Eats and treats

Advent with Niederegger

In countless numbers of homes eager little fingers at the beginning of December will have started opening the doors or windows on Advent calendars to see what lies behind them.

Will they reveal a picture, a gift or maybe something edible – and perhaps chocolatey?

Advent calendars

Whilst the period of Advent has been commemorated one way or another for centuries, often with the lighting of candles, or chalk marks made on doors or walls, the kind of Advent calendars we know today, appear to have originated in Germany in the mid-19th century thanks to Gerhard Lang’s recalling calendars made for him by his mother.

By the beginning of the 20th century the calendars were printed and within a few years small doors or windows added.

But the outbreak of the Second World War brought an end to the practice and it was not until the 1950s that Advent calendars really became popular.

In 1958 the first calendar with chocolate treats made an appearance.

And treats they most decidedly are today; and also much appreciated by adults too.

Never mind the excitement of a child, this adult was nearly delirious with excitement thanks to a kind friend’s gift of a Niederegger Advent calendar.

The friend knew of my passion for marzipan and that my favourite comes from the delightful German city of Lubeck – and to be precise – confectioner Niederegger.

I frequently make my own marzipan but I concede it is nowhere near as delicious as the paste made by Niederegger. Mind you they have had plenty of practice – they have been making it since 1806 – a combination of 58% almonds from the Mediterranean, plus sugar and a secret rose water-like ingredient.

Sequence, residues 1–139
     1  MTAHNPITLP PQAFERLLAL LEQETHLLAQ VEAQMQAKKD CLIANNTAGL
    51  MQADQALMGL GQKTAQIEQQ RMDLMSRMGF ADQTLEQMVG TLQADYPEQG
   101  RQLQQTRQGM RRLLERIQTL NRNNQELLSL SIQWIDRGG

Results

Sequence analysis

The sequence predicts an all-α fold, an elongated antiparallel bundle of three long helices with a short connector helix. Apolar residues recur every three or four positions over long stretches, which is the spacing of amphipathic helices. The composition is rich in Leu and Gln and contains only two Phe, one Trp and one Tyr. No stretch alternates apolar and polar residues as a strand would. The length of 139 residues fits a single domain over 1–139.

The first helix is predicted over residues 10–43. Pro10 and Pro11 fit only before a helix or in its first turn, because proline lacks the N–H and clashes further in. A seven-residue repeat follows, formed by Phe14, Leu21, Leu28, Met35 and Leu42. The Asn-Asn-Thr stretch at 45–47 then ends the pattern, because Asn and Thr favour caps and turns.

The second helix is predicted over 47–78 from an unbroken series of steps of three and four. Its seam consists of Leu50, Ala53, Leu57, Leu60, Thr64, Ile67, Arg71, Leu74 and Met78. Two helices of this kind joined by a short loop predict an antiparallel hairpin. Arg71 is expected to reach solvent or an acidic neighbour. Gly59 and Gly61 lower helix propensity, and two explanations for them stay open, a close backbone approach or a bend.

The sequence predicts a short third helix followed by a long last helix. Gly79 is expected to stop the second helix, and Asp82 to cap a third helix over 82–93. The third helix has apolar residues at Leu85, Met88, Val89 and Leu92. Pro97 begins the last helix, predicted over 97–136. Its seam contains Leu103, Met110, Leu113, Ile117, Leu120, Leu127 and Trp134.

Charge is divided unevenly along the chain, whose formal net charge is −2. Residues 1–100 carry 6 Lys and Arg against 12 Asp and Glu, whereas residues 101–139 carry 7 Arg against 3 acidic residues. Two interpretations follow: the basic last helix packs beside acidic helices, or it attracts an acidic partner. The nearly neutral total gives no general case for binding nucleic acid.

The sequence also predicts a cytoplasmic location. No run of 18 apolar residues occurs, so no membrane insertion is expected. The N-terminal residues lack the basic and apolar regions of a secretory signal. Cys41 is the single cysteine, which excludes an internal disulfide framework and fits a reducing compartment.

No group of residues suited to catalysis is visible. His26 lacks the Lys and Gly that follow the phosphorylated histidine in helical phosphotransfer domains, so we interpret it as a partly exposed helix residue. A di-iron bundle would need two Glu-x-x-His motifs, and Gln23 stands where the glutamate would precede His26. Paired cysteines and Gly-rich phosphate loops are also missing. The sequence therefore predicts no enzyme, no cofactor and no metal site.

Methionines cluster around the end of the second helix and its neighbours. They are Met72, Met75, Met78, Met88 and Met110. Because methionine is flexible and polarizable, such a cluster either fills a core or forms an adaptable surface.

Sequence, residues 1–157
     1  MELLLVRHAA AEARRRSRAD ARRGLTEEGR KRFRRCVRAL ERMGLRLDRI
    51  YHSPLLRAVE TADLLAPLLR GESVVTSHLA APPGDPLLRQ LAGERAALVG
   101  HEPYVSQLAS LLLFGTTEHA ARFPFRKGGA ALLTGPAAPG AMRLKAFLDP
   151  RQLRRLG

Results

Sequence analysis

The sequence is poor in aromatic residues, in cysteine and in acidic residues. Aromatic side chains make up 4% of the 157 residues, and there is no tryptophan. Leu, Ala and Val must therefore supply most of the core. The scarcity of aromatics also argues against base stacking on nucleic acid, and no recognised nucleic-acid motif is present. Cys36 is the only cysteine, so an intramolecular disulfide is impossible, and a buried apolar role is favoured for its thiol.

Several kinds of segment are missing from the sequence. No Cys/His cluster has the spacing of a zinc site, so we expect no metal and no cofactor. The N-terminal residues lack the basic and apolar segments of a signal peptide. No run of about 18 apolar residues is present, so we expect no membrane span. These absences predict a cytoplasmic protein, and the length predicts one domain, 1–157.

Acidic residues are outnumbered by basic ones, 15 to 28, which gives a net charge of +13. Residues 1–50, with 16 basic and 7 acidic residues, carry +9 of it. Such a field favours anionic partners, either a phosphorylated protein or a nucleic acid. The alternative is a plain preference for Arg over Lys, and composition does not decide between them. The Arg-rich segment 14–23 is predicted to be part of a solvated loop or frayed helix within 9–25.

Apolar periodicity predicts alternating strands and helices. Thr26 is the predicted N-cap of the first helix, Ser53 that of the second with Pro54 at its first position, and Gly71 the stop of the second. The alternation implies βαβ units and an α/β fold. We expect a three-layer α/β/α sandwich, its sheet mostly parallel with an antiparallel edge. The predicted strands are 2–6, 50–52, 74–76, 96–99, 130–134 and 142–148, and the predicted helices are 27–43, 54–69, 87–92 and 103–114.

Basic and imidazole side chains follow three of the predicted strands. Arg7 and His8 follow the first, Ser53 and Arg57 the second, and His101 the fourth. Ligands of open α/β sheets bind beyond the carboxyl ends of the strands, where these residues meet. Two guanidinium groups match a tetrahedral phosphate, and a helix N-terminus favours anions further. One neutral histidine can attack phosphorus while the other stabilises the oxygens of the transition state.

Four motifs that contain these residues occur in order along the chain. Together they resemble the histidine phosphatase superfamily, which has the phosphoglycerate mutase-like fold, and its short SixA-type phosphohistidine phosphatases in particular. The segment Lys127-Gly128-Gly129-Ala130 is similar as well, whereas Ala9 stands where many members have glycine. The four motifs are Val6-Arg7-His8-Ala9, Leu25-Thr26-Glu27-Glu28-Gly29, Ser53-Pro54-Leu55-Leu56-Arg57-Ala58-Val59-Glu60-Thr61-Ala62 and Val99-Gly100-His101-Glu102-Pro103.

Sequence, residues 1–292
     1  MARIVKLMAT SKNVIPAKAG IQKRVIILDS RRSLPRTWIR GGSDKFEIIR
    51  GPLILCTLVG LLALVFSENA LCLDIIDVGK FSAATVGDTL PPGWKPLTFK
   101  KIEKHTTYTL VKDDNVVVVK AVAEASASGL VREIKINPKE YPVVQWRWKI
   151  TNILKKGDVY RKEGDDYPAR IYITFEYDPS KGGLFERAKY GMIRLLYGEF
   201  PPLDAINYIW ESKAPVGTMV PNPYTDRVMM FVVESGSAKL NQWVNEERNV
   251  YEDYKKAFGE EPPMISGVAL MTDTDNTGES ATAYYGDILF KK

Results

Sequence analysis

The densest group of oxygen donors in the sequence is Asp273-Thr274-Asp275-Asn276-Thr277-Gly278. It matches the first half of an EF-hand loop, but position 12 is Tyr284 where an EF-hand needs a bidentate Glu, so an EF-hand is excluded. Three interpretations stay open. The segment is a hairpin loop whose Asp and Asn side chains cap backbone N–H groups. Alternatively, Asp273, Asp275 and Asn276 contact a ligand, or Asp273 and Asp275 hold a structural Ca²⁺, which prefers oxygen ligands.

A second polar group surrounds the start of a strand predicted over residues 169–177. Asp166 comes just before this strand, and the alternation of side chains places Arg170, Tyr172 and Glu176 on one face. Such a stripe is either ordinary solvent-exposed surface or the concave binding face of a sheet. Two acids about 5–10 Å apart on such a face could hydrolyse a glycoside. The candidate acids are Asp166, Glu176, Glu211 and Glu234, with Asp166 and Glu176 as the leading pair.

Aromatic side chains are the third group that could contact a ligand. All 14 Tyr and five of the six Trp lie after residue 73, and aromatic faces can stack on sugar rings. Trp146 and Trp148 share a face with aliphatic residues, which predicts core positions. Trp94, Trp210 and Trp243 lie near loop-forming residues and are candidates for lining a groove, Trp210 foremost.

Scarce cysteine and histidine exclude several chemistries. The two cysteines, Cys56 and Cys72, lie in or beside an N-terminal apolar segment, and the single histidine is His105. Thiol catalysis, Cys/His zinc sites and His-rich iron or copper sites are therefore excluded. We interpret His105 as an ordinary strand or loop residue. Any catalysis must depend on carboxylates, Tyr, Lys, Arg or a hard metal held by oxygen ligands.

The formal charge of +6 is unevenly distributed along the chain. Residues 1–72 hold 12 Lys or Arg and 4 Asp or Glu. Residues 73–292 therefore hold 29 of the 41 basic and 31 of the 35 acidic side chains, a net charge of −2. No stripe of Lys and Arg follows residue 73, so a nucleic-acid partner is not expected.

Whereas I have only been making it for a few years and my marzipan recipe requires an additional 50% sugar.

And so any day now I shall be having a daily treat of a praline, a croquant or marzipan. But I do have one problem. I am loathe to open the windows – Mario Grasso’s illustration is so charming it seems a shame to damage it; I shall have to be very careful.

But not only do Niederegger make marzipan, they also make wonderful chocolate – some of it is wrapped round the marzipan, but they also produce pralines and croquants.

Incidentally the expiry date on the back of the box is 17.04.19 so if ordering one for yourself or a friend and you have missed the start of Advent don’t worry – they will still be much enjoyed.

Niederegger Marzipan Christmas Carousel: £35.00 along with other Niederegger products from

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